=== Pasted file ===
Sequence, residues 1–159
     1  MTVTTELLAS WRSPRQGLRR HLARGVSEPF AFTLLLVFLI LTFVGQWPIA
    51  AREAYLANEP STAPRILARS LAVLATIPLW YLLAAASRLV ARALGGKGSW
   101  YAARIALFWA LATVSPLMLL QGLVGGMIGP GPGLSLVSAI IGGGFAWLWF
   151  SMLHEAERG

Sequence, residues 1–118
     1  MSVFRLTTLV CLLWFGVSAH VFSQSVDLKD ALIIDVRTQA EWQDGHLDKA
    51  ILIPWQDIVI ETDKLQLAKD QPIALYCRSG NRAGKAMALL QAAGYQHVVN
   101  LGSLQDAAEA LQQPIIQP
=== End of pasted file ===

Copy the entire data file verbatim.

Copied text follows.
Sequence, residues 1–159
     1  MTVTTELLAS WRSPRQGLRR HLARGVSEPF AFTLLLVFLI LTFVGQWPIA
    51  AREAYLANEP STAPRILARS LAVLATIPLW YLLAAASRLV ARALGGKGSW
   101  YAARIALFWA LATVSPLMLL QGLVGGMIGP GPGLSLVSAI IGGGFAWLWF
   151  SMLHEAERG

Sequence, residues 1–118
     1  MSVFRLTTLV CLLWFGVSAH VFSQSVDLKD ALIIDVRTQA EWQDGHLDKA
    51  ILIPWQDIVI ETDKLQLAKD QPIALYCRSG NRAGKAMALL QAAGYQHVVN
   101  LGSLQDAAEA LQQPIIQP